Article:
Description With her youthful body poised in energetic dance, the goddess and Buddha Vajravarahi projects an image of idealized female beauty. The face of the female pig ("varahi") that emerges from the side of her head, however, signals her fierce nature, as do her garland of severed heads and her girdle made of bone. In the shrine for which this figure was made, the sculpture would have also included a corpse lying beneath Vajravarahi’s feet, a blood-filled skull-bowl in her left hand, a curved knife in her right hand, and a tantric staff crowned with skulls and a trident in the crook of her left arm. Through these threatening attributes, considered impure from a mainstream point of view, Vajravarahi transcends taboo, challenging ordinary habits of perception. The enlightened mind recognizes such appearances as an illusion, according to Buddhist thought, and to her devotees Vajravarahi embodies enlightenment itself. Vajravarahi is a form of Vajrayogini, a prominent goddess and female Buddha who has many forms.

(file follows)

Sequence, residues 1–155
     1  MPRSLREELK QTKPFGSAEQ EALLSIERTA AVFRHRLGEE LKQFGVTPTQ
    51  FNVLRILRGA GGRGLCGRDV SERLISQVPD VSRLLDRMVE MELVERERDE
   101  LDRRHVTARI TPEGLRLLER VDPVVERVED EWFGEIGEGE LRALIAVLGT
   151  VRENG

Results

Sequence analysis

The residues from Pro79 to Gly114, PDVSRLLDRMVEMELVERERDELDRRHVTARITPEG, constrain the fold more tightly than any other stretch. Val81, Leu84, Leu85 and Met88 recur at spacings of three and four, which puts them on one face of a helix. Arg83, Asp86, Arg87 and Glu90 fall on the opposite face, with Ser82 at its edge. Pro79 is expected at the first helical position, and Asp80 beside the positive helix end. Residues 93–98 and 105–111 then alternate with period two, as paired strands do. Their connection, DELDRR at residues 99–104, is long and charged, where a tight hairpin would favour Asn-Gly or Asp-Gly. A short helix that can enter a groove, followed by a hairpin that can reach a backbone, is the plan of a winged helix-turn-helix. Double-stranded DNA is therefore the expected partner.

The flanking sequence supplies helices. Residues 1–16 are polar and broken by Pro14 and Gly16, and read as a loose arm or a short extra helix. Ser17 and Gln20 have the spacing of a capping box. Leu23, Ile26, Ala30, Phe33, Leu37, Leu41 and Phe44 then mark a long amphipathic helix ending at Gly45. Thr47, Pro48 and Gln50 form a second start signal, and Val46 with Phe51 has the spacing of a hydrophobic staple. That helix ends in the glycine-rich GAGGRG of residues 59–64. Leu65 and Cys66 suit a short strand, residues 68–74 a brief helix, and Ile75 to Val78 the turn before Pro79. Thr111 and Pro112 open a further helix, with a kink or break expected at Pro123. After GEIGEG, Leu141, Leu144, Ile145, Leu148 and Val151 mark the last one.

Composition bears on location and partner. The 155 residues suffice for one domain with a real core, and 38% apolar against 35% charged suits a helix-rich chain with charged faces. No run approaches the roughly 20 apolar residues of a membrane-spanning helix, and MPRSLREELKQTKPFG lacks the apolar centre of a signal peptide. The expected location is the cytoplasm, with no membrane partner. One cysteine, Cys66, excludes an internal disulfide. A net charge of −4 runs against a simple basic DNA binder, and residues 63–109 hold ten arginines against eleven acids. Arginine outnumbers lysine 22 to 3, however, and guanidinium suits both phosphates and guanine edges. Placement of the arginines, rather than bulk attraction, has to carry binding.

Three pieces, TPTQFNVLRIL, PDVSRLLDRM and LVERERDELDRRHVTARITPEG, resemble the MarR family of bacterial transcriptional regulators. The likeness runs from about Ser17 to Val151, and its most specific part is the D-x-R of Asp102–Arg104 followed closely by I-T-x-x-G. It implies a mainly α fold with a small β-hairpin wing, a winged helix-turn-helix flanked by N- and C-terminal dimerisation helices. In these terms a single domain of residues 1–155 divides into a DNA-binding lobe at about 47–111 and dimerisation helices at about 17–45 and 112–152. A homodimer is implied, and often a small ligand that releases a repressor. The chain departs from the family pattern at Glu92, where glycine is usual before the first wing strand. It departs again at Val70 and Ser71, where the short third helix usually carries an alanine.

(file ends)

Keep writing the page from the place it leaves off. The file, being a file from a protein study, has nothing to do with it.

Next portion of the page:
|11/01/2016||Treatment||examined for exhibition; media consolidation|
- Desire and Devotion: Art from India, Nepal, and Tibet in the John and Berthe Ford Collection. The Walters Art Museum, Baltimore; Santa Barbara Museum of Art, Santa Barbara; Albuquerque Museum, Albuquerque; Birmingham Museum of Art, Birmingham. 2001-2003.
- Ferocious Beauty: Wrathful Deities from Tibet and Nepal. 2016-2017.
Provenance Peter Burleigh [diplomat in Nepal], Washington, D.C.; purchased by John and Berthe Ford, Baltimore, November 1985.
Credit Promised gift of John and Berthe Ford
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